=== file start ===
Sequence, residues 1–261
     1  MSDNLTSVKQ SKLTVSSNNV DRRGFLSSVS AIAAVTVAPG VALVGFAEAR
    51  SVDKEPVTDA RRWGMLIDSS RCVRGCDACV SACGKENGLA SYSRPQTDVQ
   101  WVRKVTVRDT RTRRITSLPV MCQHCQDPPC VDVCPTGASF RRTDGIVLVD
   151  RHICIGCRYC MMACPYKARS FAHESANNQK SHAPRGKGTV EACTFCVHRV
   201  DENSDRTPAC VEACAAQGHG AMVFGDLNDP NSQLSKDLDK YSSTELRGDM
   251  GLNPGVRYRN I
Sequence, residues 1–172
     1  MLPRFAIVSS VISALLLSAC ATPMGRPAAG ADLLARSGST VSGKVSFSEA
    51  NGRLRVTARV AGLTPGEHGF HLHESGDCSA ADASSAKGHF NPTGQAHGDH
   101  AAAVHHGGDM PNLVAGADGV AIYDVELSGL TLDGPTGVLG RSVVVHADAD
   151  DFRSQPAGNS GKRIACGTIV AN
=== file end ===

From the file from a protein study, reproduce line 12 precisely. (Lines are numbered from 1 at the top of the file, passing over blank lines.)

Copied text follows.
   151  DFRSQPAGNS GKRIACGTIV AN